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NASA 2018 Biennial Conference Presenter — Zachary Shemon

Mark your calendars now to join us March 8-11, 2018 for the NASA 2018 Biennial Conference at University of Cincinnati College - Conservatory of Music in Cincinnati, Ohio.
James Bunte — Host
— Conference Program Committee Chair
— NASA Director of Marketing


Saxophone Player

Click here for the overall Conference Schedule. NOTE: The closing concert is on Sunday, March 13, at 3:00 PM in Hemmle Recital Hall. We hope you will make plans to be with us for this special performance.

You may click on the photo for a higher resolution version of the photo.

Name: Zachary Shemon
Presentation Date: Saturday, March 12, 2016 9:20 AM
Presentation Venue: St. John's Church
Presentation Title: Glazunov Concerto on Martin Saxophone
Type of Presentation: Professional Classical Solo Performance
Proposal Duration: 14

Zach Shemon is Assistant Professor of Saxophone at the University of Missouri – Kansas City Conservatory of Music and Dance and on faculty at the Interlochen Arts Camp and Interlochen Saxophone Summer Institute. He holds degrees from Indiana University and the University of Michigan, and studied at the Université Européenne de Saxophone in Gap, France and the Aspen Music Festival and School. His primary teachers are Donald Sinta and Otis Murphy. Since joining the PRISM quartet, the ensemble has recorded extensively and held residencies at Beijing’s Central Conservatory, Curtis Institute, Princeton University, Rice University, Tianjin Conservatory, UMKC Conservatory, and the University of Pennsylvania, among others. Shemon was awarded 1st prize at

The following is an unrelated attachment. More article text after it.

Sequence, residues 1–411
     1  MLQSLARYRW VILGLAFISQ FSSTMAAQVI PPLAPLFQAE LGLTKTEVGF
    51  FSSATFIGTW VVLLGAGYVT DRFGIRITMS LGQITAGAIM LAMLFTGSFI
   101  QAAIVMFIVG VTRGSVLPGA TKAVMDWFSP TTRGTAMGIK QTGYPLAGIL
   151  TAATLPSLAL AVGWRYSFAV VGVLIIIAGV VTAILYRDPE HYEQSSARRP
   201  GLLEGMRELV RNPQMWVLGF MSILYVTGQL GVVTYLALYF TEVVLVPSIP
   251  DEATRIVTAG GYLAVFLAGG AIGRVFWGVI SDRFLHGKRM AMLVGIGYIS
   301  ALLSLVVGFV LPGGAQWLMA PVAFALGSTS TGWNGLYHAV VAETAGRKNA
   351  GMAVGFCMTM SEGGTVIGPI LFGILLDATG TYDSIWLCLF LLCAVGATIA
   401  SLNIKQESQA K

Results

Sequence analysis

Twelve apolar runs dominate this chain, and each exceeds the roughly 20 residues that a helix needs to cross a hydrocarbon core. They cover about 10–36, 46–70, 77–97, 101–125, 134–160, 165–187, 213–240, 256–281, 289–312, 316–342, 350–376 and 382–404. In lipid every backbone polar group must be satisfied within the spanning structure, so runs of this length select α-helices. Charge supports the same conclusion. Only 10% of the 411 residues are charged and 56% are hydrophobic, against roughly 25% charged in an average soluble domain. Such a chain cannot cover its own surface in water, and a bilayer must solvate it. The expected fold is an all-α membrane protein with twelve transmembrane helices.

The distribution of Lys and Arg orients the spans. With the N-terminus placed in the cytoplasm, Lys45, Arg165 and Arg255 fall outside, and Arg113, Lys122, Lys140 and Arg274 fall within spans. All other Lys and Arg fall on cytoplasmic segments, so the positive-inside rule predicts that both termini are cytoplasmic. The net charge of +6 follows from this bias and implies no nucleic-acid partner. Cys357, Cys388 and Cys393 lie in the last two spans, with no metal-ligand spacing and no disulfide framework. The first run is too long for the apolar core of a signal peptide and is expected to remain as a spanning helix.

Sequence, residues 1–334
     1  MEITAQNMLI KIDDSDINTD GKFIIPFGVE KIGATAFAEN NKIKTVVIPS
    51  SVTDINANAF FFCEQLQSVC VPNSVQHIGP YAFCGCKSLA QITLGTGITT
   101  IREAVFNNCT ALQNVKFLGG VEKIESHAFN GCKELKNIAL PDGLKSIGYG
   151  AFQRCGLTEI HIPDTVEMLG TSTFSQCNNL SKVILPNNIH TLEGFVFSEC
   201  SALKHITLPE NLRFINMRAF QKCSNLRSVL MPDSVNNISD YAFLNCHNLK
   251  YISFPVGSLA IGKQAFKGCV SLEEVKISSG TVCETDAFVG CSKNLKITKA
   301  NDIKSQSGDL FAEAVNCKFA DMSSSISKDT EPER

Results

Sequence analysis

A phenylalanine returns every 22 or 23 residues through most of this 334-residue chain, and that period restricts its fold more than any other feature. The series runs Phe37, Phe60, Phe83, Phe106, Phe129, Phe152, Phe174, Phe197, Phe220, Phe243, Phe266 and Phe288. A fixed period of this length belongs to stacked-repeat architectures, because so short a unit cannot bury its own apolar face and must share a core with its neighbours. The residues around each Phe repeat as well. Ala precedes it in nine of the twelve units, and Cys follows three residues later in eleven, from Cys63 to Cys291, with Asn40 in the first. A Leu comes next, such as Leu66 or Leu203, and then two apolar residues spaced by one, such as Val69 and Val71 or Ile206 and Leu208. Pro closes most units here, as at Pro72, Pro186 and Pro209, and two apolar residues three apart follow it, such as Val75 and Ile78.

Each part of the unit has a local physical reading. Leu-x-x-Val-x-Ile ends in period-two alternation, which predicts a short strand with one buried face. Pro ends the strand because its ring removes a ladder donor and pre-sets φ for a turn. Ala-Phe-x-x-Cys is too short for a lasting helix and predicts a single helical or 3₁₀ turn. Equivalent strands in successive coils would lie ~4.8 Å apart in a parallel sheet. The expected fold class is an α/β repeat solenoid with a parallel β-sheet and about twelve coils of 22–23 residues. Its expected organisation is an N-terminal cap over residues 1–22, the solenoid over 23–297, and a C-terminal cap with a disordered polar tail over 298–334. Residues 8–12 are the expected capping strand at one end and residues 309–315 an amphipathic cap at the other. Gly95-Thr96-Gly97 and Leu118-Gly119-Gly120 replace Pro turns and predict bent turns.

the inaugural International Saxophone Symposium and Competition in Columbus,
GA. Shemon
 is a Conn-Selmer artist and performs on Selmer (Paris) saxophones. He is a D’Addario Woodwinds artist and performs Reserve Classic reeds, and aids in product research and design. 

Other Performers / Participants

Name Instrument Bio
Liz Ames Piano Not Provided

Pieces to Be Performed

Title Composer Duration
Concerto in E-flat Major, Op. 109 Alexander Glazunov 14